Description: This is an abstract for the Olweus Bullying Survey Results: Comparing Multiple Administrations report, which summarizes the 2-item Olweus Brief Bullying Survey across multiple administrations.
Purpose: To summarize question 1 and question 2 for all students across multiple administrations.
Navigation: Reports > View Reports > Prebuilt > Behavior
Who is the intended audience?
Teachers and Administrators
What data is reported?
Total number of students surveyed, number and percentage of students responses by question and question group by gender and grade level per administration.
How is the data reported?
Please see the images and associated descriptions below.
Figure 1 is a horizontal bar chart that indicates the percentage and of number of students that report being bullied at each level of frequency. The chart also allows for two administrations to provide the ability to analyze change from administration 1 to administration 2.
Figure 2 is a horizontal bar chart that indicates the percentage and of number of students that report taking part in bullying at each level of frequency. The chart also allows for two administrations to provide the ability to analyze change from administration 1 to administration 2.
What Are Some General Cautions as You Look at Your Results?
Of course, when interpreting raw percentages of students it is important to keep in mind that if you have a small sample size of students, say less than 50 only a few students can dramatically change the percentages which can lead to misinterpretations of the results. Additionally, with a small sample size percentages can paint a picture as extremely severe when in reality only a small of students may be involved. In those cases, it best to use the student “count” and not percentages when interpreting the data.
When looking at the results for your school or district from year to year, be sure to compare changes with appropriate grade levels. For example, in such comparisons, you should compare the results for fifth graders in one year with the data for fifth graders in the next year. Or, if you want to consider possible changes for the whole school, you should compare results for participating grades the first year (e.g., grades 6-8) with students in the same grades the next year. Because of the developmental changes in students (e.g., being bullied tends to lessen as students get older), you should compare results at the same grade level or grade levels over consecutive years.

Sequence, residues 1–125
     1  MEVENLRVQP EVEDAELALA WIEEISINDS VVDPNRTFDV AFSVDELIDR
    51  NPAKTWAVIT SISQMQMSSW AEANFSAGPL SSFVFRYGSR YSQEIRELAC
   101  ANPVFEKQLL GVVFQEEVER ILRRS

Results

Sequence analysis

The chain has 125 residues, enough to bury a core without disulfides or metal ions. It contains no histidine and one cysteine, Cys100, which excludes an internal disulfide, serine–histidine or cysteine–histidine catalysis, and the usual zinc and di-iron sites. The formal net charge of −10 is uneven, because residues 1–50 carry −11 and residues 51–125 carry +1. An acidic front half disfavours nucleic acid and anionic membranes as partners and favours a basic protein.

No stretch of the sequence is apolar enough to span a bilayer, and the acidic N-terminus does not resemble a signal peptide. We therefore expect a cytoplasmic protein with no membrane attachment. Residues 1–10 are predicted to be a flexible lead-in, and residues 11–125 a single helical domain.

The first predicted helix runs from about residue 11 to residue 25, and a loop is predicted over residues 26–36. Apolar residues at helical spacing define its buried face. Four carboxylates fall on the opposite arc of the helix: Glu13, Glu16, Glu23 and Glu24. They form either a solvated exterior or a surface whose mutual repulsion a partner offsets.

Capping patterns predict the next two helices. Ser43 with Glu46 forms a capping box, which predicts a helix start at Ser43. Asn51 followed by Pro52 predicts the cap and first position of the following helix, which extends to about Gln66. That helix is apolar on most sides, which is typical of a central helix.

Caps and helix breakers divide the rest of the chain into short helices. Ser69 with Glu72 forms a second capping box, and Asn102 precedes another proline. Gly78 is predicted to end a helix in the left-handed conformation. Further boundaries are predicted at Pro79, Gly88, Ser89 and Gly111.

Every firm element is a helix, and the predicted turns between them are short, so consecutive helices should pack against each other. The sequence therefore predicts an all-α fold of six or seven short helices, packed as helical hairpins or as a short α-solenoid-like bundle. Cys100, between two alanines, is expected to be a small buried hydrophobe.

The two key questions about bullying provide important overall information about the levels of bullying problems in your school or district. If you would like to get a fuller and more detailed picture of the situation, we encourage you to consider using the complete Olweus Bullying Survey (OBQ). With the results from the complete OBQ, you will be able to answer a number of additional questions including the following: What forms of bullying are most prevalent in your school (verbal, physical, indirect/relational, digital)? How do these forms of bullying vary for boys and girls? How many (what proportion of) students in your school have been bullied for a long period of time? How many students are afraid of being bullied? Have bullied students told anyone about their experiences? If so, whom? What are the “hot spots” for bullying at your school? What are students’ attitudes toward bullying at school? How often do teachers or other adults at school intervene to stop bullying? How often do students intervene to stop bullying? How satisfied are students with school?
Furthermore, if you want to follow up the current survey with more systematic anti-bullying work, you may want to consider using the Brief Olweus Bullying Prevention Program (OBPP). OBPP is the most researched anti-bullying program in the world and has documented a number of positive effects (considerably reduced levels of bully/victim problems) in scientific evaluations of the program (e.g., Olweus & Limber, 2010; Limber, Olweus, Wang, & Breivik, 2016). OBPP was recently determined to be the best program in a large-scale, independent evaluation of all anti-bullying programs in the world conducted by prominent researchers from Cambridge University, U.K. (Ttofi & Farrington, 2009, 2011).
For more information about the OBQ or OBPP, see www.hazelden.org/illuminate.